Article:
Ease Mag, which has recently been introduced in South Africa, is amongst the first of its kind in sharing relevant, positive news online.
It hopes to counter the effect of bad news, which "...not only are negatively-valenced news broadcasts likely to make you sadder and more anxious, they are also likely to exacerbate your own personal worries and anxieties," says Dr Graham C. L. Davey, professor of psychology at the University of Sussex, UK. "...bombarding people with 'sensationalised' negativity has genuine and real psychological effects."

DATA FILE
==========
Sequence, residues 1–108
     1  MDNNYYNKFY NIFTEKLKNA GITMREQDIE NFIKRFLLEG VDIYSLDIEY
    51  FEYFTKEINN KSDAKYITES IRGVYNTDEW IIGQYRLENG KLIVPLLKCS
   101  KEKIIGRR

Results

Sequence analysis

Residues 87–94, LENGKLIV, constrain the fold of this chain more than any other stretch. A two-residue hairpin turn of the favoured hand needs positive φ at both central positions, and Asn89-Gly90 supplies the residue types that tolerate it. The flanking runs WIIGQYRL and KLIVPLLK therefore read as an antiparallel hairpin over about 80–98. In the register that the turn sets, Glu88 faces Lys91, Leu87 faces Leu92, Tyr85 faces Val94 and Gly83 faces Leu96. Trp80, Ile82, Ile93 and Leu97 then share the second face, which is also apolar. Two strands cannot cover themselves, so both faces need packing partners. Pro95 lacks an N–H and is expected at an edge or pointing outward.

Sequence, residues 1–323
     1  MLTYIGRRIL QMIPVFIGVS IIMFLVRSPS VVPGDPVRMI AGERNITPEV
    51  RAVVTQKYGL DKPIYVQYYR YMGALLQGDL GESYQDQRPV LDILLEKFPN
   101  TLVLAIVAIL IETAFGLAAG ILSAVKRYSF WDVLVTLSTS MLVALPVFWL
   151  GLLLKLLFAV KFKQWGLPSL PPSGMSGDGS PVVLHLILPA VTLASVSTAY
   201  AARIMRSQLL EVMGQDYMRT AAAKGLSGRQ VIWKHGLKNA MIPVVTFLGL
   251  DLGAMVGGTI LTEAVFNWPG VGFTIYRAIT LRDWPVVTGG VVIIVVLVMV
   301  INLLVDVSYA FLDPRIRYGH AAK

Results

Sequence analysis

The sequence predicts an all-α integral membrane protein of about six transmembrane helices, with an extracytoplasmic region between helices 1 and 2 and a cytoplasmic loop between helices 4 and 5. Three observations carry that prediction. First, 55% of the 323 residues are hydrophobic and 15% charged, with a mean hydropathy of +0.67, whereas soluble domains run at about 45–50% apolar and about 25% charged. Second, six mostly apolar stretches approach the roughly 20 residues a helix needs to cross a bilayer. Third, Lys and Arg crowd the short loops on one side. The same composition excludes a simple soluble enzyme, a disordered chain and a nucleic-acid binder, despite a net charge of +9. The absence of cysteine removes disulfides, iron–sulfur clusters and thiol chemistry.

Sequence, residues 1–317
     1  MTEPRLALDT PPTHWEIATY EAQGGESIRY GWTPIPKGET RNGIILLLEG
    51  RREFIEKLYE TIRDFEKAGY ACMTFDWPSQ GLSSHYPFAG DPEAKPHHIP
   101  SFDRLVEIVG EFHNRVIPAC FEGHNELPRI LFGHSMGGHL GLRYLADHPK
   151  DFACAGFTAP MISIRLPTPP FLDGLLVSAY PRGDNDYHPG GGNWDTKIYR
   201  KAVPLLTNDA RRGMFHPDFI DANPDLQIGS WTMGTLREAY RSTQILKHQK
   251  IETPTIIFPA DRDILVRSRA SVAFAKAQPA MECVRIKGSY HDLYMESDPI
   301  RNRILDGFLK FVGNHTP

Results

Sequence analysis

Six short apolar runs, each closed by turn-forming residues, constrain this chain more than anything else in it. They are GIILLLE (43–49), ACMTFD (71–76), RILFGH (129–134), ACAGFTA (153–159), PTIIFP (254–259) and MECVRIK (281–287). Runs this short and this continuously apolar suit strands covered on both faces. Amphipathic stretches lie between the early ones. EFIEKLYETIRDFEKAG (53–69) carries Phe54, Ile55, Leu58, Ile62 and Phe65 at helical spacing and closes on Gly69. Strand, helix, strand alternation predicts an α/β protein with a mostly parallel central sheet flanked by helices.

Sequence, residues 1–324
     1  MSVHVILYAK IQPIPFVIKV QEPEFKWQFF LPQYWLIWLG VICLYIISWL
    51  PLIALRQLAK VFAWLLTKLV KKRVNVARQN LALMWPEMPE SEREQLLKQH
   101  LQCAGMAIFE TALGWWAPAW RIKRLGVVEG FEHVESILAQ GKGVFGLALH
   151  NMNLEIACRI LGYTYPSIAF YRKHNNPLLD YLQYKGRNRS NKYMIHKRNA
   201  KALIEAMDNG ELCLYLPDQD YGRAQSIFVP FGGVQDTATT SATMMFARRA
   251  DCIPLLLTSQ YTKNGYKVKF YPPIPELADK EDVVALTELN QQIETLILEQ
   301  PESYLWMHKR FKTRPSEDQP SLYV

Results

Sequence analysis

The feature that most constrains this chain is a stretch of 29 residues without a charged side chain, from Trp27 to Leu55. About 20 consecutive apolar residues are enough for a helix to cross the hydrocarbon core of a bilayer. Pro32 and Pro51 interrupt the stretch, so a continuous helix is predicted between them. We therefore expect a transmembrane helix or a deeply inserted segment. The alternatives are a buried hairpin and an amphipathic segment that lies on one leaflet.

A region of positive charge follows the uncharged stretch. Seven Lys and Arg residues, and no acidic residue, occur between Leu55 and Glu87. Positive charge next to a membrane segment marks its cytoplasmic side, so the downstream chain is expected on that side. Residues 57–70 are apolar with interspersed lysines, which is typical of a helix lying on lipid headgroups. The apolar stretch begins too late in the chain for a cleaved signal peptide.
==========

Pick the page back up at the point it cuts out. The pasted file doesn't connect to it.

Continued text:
Altered view on society
In addition, studies published in the British Journal of Psychology in February 1997 show that negative news, both in print and television, contribute significantly to a reader or viewer's perception, not only introspectively, but also extrospectively - this means that a person's view of society can be altered by what is published.
"It is because of these impacts on society that we saw it as necessary to introduce a magazine in which only positive news is shared," explains Brandon Lurie, creative director of the new locally published online magazine, Ease Mag.
"There is good in the world and this is a publication with the sole aim in changing the way people feel about the world - we are a proud team, dedicated to bringing good news to our readers."
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